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Differential contribution of sensorimotor cortex and subthalamic nucleus to unimanual and bimanual hand movements

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Cereb Cortex. 2023 Dec 20:bhad492. doi: 10.1093/cercor/bhad492. Online ahead of print.


Why does unilateral deep brain stimulation improve motor function bilaterally? To address this clinical observation, we collected parallel neural recordings from sensorimotor cortex (SMC) and the subthalamic nucleus (STN) during repetitive ipsilateral, contralateral, and bilateral hand movements in patients with Parkinson’s disease. We used a cross-validated electrode-wise encoding model to map electromyography data to the neural signals. Electrodes in the STN encoded movement at a comparable level for both hands, whereas SMC electrodes displayed a strong contralateral bias. To examine representational overlap across the two hands, we trained the model with data from one condition (contralateral hand) and used the trained weights to predict neural activity for movements produced with the other hand (ipsilateral hand). Overall, between-hand generalization was poor, and this limitation was evident in both regions. A similar method was used to probe representational overlap across different task contexts (unimanual vs. bimanual). Task context was more important for the STN compared to the SMC indicating that neural activity in the STN showed greater divergence between the unimanual and bimanual conditions. These results indicate that SMC activity is strongly lateralized and relatively context-free, whereas the STN integrates contextual information with the ongoing behavior.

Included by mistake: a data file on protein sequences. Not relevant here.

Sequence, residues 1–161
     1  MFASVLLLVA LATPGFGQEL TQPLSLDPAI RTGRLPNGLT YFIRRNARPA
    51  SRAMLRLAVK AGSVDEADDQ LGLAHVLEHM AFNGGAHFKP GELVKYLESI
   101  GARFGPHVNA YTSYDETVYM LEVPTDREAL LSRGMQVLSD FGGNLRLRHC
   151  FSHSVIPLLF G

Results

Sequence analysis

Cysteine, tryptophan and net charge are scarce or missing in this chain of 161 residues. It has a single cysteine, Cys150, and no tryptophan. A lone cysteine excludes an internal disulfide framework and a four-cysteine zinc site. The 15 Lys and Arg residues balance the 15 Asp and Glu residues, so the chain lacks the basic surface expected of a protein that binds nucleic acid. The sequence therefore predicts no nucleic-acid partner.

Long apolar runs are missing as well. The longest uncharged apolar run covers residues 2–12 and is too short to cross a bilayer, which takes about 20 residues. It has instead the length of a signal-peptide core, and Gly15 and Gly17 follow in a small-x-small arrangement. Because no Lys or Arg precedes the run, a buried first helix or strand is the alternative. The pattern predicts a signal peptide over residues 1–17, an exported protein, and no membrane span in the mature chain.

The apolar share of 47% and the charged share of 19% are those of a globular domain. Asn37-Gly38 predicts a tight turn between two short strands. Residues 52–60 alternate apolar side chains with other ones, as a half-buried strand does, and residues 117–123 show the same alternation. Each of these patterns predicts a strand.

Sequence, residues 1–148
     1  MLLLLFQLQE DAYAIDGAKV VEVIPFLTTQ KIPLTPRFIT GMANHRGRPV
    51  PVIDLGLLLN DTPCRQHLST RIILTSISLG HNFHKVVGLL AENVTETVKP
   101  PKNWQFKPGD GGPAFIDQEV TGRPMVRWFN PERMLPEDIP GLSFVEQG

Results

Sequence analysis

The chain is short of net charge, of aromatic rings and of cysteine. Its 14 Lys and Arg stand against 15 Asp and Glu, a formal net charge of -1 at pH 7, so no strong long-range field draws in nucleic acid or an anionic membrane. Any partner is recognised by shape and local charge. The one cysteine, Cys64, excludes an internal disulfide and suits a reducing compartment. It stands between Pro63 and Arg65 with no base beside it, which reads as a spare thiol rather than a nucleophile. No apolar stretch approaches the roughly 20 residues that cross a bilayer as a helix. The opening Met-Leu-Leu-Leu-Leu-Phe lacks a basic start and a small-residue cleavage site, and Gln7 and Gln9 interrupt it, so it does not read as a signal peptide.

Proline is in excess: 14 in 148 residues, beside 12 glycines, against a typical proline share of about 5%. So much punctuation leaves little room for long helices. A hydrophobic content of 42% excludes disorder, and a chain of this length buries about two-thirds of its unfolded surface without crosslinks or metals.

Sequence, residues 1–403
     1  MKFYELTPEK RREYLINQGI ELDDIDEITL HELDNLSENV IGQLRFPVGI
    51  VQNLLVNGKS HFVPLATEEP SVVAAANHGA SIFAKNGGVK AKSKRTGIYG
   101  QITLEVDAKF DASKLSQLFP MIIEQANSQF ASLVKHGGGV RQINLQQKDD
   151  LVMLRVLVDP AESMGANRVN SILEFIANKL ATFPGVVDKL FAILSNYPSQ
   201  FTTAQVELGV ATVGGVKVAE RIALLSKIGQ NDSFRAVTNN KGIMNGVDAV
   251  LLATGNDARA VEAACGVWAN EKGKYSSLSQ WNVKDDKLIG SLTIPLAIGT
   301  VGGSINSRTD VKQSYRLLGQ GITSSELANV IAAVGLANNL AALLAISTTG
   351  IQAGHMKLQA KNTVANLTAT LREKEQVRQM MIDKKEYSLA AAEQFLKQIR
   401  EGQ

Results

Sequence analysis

PMID:38124548 | DOI:10.1093/cercor/bhad492

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